To Live with Dignity

To Live with Dignity


(This is an unfinished story, which I started writing ironically when my doctor told me not to stress my eyes… Of course, that’s when we want to use them the most, don’t we?! Life, you’re a bitch!)

So, here it is.. To live with dignity
‘If you cannot fight like a samurai, at least die like a samurai.’ It is true that we cannot control everything in our life. I have read and believed, convinced myself, that positive thinking, meditation, an assortment, a perfect assortment, of all these determinations and hard works and never-lie-downs and always-believes make you shape your life, its story, exactly the way you like. I have made myself, even manipulated myself, in many ways to interpret and re-interpret them in many different ways, ways in which they would or could prove true all those you-can-make-your-own-lifes. But…

Let us not forget there is always more to life than us. It’s always an equation, and what we do in this equation, how we exercise the limited freedom that we have been allowed by circumstances. I once saw this statement in a Czech film and I love it – ‘One thing that life has taught me is that we always have a choice.’ It is this choice that makes us. This choice is our freedom, and we write our stories in this little canvas of choice, freedom of vastness – this is where our life truly is our own.

Chapter 1

It was a crazy night, and those were crazy times. An idea had been incepted and most ordinary people, the common men, could not really expect it to become a reality. They had lived like this for centuries and no idea such as this idea had ever before been exercised. Lahore had been their home and the home of their forefathers, since forever. They thought they could never be asked to leave their homes — yes, their permission had to be sought before expecting them to leave their home. But on the night of 18 August 1947, they realized that they were after all not being asked to leave their home but were being ushered out. Faced by death, they had to leave their home and run to Delhi. They had nothing in Delhi, but had come with their wives and many toddlers. The two brothers. They could either become labourers in the many mills and offices and businesses, shops that were teeming in the city, or decide to be their own masters. They chose. They would be their own masters. Either the perennial income and safety of the regularity of it, or heads held high with a story created by them and the pride of building up a house for their children, the pride of recreating the lost world and a home with a hope that they wouldn’t be ushered out of this one, and even if they were, they would know that they could do it again, and again, and this is something no government, no men at the top could ever take away from them. The power to create. Yes, that was their story.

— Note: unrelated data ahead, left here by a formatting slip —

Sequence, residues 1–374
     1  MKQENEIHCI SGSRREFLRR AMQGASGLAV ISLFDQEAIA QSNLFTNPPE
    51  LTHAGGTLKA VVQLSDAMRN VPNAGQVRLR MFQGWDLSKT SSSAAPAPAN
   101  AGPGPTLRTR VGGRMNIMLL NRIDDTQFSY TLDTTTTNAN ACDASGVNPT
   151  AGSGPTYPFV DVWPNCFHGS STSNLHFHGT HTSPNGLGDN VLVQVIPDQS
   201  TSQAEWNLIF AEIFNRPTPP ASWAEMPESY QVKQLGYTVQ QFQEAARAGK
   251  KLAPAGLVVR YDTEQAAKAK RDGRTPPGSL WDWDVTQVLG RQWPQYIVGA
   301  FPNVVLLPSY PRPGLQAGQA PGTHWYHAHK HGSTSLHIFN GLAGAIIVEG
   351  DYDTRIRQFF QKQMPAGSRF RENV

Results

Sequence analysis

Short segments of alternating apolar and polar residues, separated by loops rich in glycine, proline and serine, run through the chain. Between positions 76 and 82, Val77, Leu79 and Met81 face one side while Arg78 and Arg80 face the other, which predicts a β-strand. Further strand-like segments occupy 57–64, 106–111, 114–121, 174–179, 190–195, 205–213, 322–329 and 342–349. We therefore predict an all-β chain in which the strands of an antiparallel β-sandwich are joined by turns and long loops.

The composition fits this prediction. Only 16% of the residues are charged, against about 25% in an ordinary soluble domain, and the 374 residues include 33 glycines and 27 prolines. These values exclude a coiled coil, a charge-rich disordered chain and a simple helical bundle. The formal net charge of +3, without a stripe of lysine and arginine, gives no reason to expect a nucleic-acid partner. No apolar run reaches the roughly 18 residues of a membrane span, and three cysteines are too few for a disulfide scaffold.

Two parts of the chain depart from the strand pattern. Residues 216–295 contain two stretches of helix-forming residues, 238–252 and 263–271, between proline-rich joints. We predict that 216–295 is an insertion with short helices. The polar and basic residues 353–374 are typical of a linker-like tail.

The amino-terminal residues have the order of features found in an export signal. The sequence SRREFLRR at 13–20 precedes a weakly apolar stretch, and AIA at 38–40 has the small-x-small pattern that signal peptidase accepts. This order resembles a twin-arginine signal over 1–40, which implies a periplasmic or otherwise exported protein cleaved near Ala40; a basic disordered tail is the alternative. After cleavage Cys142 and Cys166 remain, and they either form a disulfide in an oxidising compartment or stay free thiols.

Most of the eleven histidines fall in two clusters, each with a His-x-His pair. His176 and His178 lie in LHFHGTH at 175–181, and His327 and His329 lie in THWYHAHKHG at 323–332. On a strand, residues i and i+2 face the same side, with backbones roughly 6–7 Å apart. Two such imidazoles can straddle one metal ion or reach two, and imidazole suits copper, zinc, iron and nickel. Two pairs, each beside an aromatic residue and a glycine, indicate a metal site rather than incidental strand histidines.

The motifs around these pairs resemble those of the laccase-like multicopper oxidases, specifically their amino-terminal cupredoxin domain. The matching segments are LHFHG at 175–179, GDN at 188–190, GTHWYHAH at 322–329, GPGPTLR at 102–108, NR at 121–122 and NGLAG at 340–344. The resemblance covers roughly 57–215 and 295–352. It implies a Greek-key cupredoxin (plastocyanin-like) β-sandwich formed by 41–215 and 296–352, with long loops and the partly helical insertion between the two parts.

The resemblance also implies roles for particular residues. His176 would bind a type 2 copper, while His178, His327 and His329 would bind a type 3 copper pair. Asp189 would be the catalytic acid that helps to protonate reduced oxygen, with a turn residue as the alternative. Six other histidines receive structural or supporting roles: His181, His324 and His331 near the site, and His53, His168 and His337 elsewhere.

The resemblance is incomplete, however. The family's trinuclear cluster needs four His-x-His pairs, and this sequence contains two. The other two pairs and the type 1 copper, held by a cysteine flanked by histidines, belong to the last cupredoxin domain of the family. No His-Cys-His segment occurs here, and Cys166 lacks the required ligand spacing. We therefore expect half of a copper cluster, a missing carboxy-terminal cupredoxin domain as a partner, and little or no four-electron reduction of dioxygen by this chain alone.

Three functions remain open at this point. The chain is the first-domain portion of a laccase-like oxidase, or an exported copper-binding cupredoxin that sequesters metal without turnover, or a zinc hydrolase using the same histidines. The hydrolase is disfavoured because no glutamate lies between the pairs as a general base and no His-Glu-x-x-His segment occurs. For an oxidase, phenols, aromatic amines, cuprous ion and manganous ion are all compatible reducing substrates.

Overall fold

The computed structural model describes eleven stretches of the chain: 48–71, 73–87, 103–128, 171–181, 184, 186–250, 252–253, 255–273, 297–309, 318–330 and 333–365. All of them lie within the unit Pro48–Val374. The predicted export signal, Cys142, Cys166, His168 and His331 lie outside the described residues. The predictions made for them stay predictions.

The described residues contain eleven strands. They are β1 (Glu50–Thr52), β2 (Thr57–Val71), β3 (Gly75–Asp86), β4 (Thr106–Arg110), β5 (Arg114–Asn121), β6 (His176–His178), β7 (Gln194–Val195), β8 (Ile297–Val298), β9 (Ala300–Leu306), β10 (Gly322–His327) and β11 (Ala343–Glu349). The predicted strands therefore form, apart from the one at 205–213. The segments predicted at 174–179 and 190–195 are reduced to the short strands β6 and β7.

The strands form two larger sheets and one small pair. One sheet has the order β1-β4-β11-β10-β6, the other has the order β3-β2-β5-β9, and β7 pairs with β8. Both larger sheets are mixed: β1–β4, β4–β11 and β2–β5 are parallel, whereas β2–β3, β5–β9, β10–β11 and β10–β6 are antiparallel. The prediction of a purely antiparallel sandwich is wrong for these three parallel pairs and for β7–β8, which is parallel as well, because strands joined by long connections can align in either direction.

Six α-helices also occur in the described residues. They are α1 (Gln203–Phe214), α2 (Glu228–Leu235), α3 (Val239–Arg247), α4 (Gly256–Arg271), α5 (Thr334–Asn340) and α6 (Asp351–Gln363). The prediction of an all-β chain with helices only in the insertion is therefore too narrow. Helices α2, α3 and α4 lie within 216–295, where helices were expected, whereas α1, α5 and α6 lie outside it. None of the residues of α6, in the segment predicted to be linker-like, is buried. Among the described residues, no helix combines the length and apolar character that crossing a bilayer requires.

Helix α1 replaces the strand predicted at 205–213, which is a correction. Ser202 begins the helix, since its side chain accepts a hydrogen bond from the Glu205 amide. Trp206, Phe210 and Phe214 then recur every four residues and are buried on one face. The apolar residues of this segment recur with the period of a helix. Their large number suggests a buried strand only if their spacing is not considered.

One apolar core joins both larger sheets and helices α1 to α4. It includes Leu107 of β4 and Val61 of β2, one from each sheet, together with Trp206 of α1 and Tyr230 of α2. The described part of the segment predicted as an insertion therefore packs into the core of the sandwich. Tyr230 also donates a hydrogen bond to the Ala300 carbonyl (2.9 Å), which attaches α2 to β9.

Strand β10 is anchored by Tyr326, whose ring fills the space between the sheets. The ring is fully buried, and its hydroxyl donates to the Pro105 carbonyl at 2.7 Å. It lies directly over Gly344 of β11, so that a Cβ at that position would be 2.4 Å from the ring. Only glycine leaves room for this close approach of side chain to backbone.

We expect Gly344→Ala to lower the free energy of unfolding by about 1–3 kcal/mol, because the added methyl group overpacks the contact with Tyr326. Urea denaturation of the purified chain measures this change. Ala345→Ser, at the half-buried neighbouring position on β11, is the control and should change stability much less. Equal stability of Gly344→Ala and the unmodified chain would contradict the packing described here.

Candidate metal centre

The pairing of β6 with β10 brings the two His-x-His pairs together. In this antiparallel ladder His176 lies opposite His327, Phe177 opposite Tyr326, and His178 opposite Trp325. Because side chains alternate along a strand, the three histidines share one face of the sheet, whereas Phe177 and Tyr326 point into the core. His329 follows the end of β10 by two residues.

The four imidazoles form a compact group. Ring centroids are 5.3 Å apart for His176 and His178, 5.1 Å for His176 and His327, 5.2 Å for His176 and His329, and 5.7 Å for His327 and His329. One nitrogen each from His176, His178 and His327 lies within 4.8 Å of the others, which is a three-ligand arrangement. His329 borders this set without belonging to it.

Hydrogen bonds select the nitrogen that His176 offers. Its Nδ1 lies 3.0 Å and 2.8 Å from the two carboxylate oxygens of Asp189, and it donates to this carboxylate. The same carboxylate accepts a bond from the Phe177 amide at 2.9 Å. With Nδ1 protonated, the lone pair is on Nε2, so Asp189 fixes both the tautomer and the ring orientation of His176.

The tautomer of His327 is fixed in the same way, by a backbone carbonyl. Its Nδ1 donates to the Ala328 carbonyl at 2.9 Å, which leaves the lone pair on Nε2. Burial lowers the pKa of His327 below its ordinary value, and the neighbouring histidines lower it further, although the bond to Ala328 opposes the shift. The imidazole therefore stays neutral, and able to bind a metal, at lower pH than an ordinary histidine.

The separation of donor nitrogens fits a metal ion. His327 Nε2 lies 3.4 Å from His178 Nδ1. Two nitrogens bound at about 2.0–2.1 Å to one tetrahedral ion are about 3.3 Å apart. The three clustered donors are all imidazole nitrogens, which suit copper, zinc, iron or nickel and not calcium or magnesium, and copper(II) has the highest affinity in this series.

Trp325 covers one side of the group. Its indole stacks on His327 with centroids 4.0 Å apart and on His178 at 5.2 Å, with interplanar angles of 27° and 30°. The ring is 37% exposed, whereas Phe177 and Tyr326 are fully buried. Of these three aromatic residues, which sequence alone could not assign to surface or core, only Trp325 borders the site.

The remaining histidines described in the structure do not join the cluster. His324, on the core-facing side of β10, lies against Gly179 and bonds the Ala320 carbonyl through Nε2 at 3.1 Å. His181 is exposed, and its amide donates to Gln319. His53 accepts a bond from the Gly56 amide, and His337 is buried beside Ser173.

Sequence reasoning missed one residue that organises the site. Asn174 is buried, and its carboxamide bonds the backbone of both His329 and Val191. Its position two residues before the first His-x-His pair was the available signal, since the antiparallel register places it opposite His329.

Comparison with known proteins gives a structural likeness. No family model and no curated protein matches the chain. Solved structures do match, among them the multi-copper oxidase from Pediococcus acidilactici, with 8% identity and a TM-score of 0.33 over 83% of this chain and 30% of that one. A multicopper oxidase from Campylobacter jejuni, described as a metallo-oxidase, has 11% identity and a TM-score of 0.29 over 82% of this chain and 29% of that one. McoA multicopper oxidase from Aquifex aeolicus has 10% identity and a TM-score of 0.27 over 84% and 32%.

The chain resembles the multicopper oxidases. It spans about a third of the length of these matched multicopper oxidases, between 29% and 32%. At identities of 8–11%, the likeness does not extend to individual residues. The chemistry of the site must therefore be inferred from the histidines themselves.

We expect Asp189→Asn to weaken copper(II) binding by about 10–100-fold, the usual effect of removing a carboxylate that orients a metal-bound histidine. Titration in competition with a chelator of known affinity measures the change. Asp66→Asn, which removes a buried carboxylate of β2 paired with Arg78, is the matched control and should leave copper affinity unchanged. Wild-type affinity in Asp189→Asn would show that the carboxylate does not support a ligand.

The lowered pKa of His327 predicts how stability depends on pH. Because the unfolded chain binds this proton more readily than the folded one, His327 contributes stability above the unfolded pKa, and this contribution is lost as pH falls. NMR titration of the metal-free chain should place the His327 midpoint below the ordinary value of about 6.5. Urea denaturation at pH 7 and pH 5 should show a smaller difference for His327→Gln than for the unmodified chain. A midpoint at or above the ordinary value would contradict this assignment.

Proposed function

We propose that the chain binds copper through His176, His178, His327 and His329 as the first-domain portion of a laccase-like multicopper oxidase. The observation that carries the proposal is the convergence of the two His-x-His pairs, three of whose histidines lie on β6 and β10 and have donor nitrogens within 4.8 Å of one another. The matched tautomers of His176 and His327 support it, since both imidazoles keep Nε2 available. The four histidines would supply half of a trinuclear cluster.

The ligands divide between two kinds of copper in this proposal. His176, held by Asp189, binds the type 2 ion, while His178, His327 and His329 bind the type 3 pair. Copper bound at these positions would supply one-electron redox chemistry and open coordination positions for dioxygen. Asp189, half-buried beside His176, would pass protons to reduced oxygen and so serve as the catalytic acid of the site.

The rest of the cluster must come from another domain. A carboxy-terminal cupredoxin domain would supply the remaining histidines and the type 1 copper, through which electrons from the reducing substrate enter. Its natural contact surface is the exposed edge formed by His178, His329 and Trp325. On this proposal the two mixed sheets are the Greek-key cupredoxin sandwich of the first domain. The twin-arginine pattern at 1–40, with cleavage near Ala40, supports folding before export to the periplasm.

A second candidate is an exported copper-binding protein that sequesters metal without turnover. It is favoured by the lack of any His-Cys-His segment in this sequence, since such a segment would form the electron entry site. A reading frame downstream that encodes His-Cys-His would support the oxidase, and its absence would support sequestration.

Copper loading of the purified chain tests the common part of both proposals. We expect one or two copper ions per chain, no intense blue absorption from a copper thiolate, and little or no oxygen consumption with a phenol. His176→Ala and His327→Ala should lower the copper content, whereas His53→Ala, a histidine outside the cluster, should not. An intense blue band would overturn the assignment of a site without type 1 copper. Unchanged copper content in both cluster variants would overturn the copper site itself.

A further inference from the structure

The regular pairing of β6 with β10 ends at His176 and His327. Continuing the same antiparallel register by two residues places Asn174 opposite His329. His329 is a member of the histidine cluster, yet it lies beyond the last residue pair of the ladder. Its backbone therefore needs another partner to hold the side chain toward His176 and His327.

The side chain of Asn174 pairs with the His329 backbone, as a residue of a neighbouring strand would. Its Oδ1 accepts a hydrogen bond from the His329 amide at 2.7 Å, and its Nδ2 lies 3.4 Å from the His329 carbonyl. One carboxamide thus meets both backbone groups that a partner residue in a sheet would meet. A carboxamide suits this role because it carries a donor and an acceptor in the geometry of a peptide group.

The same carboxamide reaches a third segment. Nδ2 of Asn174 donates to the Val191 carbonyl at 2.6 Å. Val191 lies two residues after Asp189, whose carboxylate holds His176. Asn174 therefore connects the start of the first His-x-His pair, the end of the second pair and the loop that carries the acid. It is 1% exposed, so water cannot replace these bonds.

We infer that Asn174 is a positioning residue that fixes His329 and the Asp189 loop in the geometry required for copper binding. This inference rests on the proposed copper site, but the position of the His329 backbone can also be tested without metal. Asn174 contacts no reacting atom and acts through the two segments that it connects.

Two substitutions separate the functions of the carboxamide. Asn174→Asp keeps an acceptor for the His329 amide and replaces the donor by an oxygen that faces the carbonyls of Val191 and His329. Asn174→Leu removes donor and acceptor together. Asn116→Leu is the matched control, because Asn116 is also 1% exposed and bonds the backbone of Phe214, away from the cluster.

They recreated the happiness and success in a different landscape, in a different milieu, as the ones their fathers and their fathers had created for them back home. They built with their own choices the world they had inhabited back there.

It hadn’t been easy though. The city was milling with millions of refugees from Pakistan, all of whom were fighting for survival and soon after, for success. But success belongs to some.

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